Jellyfish you’ll see at the Delaware beaches and what to do if stung


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Nothing can ruin a day at the beach like a jellyfish sting.

The ocean is home to more than 1,000 species, both beautiful and terrifying. Keith Baiha and Allen Collins say they can be seen along Delaware beaches this time of year because the water is warm and food is plentiful.

Baiha and Collins are researchers at the Smithsonian Institution. Baija earned his PhD at the University of Delaware in Lewes and spent many years studying jellyfish on the Delaware coast. Collins is a curator and research zoologist at the National Oceanic and Atmospheric Administration.

Beiha and Collins say that while jellyfish are just a nuisance to most people, they are extremely important ecologically. They are food for many species and are an important part of the carbon cycle, which moves carbon from shallow to deep oceans.

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The jellyfish you’re most likely to encounter along Delaware beaches are so small and their stings are so mild that you probably won’t notice them, but these are the larger species you’re most likely to see. said Baiha and Collins.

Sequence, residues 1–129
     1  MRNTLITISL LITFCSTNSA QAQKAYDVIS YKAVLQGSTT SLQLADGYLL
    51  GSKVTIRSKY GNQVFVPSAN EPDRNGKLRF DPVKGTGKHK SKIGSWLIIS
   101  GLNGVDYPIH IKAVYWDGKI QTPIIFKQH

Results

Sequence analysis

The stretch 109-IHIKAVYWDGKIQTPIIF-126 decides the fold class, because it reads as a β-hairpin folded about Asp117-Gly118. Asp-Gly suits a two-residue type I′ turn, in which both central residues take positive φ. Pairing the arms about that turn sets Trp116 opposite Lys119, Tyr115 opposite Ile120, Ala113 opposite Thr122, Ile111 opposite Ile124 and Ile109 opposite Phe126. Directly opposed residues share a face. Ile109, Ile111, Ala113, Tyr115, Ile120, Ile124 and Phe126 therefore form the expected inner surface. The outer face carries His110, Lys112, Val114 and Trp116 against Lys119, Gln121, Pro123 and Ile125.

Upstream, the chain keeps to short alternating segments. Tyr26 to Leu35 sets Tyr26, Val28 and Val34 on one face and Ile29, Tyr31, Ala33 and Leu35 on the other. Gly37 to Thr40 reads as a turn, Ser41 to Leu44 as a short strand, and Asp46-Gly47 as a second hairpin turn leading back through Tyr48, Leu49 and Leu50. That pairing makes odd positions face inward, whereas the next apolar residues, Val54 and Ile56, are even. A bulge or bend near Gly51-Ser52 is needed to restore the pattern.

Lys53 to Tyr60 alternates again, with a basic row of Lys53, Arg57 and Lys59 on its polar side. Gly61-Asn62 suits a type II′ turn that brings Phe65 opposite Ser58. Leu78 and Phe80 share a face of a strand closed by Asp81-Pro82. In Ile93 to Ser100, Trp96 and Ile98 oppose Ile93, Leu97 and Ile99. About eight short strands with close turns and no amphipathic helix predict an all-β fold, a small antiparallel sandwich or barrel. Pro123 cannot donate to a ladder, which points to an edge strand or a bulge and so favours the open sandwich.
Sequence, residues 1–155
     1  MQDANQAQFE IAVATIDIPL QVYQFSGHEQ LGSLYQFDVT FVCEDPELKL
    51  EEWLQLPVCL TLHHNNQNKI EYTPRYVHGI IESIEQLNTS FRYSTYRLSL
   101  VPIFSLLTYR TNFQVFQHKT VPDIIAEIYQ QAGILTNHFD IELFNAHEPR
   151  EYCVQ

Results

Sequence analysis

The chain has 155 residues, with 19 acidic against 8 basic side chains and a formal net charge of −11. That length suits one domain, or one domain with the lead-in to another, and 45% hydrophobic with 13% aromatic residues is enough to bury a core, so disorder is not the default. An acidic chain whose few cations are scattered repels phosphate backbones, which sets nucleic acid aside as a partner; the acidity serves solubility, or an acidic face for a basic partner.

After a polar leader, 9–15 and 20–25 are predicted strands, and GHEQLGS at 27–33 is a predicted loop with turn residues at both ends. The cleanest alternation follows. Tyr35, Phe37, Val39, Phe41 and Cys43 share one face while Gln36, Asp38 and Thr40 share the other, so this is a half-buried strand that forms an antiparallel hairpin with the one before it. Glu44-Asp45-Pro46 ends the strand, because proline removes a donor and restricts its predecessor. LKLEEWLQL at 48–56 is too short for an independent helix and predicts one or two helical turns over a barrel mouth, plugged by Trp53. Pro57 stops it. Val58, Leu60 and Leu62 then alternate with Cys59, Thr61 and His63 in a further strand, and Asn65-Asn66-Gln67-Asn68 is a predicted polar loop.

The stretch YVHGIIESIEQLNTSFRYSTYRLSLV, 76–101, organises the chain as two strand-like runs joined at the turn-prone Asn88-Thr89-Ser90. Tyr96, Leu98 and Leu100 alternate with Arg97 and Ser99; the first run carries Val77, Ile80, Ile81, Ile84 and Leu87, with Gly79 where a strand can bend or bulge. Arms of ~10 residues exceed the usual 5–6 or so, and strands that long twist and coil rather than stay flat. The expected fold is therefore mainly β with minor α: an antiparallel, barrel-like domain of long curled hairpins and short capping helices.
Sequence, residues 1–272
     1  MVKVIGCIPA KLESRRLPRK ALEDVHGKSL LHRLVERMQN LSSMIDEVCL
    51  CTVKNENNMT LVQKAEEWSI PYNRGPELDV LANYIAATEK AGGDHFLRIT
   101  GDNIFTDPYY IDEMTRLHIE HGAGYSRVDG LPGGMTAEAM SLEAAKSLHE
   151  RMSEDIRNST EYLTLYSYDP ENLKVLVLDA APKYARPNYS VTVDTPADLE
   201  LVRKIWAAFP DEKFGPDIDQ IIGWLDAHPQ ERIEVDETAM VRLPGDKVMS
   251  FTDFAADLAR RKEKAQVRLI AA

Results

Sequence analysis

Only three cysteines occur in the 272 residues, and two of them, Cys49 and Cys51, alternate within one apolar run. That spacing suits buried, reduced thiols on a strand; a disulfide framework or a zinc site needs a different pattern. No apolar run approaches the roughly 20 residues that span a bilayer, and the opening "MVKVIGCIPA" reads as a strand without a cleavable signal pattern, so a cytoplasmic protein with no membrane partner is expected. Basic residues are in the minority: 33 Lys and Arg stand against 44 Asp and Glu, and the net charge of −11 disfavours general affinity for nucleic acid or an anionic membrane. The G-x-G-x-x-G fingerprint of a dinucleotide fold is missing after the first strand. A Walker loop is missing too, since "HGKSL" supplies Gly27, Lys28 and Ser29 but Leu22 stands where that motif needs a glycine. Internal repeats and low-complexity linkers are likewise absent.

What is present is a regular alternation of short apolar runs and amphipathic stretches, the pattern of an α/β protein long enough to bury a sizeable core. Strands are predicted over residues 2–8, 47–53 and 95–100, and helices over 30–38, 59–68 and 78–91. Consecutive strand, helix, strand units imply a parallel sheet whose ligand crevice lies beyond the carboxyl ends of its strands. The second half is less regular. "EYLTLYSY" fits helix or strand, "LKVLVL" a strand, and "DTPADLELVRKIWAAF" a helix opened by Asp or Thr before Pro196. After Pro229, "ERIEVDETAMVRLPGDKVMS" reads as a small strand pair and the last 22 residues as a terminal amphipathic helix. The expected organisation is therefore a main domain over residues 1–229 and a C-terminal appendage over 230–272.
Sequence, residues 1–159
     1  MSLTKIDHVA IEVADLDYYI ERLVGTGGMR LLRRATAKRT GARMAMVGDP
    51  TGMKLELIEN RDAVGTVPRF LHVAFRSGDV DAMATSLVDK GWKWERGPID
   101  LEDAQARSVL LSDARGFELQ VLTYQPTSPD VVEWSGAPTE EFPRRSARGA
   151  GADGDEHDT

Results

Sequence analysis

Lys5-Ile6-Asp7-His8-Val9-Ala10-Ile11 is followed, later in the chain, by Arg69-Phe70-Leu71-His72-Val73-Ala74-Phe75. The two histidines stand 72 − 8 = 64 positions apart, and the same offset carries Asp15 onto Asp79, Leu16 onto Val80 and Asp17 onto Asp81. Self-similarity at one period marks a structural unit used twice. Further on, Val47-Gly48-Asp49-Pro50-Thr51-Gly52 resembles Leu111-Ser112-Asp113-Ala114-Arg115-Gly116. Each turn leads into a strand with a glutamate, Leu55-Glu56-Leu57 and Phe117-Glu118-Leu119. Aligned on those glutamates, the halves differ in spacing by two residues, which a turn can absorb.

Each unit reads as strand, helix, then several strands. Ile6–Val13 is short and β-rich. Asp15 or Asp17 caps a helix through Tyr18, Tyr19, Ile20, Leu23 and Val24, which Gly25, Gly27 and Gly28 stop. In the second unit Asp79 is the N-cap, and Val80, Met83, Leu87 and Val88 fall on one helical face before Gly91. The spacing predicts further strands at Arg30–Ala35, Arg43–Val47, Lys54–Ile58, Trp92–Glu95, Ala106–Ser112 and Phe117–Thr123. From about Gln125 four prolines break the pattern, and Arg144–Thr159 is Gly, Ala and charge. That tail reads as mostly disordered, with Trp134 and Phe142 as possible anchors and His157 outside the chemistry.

• Atlantic Sea Nettle: A large, white jellyfish that sometimes has stripes or spots on its bell. It is found in seawater and has large stings on its long tentacles.

  • Bay nettle: A much smaller version of the sea nettle, this jellyfish is found only in estuarine waters such as Rehoboth Bay and the Indian River. It has fewer tentacles than sea nettles, and its sting is slightly less painful.

  • Moon jellyfish: A large, transparent jellyfish with four white circles in the middle of the bell. Their tentacles are very small and the sting is less serious and more of an annoyance. It is mainly found in oceans and estuaries.

  • Crystal jelly: These sea jellyfish have the appearance of a flat disc, much like the bottom of a glass soda bottle. Their stings are minor.
  • Sea walnut: They are not jellyfish but ctenophores and are very common off the coast of Delaware in the summer. Although much smaller than the jellyfish on this list, it is the largest animal that uses cilia for locomotion. It doesn’t sting.

  • Lion’s Mane Jellyfish: A large red jellyfish with hundreds of relatively short tentacles. He’s the second most painful blow on this list after Portugal’s war fighters.

  • Portuguese military: It’s not a jellyfish, but a rare hydrozoan. They float on the surface with blue-purple floats, and their sting is one of the worst in U.S. waters. If found in Delaware waters, it was likely carried from a distance by the wind. Several ships were washed ashore in 2015.

Jellyfish stings occur when microscopic cnidocytes fire venomous barbs into a person’s skin, Baiha and Collins said. However, not all cells ignite, and those that do not ignite must be immediately washed away with salt water. Do not use fresh water as this may cause the cell to catch fire. Urine is also ineffective and should not be used.

Baiha and Collins said they found that using vinegar to immobilize the sting cells and treating lingering sting pain with boiling water was most effective.

Shannon Marvel McNaught reports on Sussex County and surrounding areas. Contact us at smcnaught@gannett.com or on Twitter @MarvelMcNaught.



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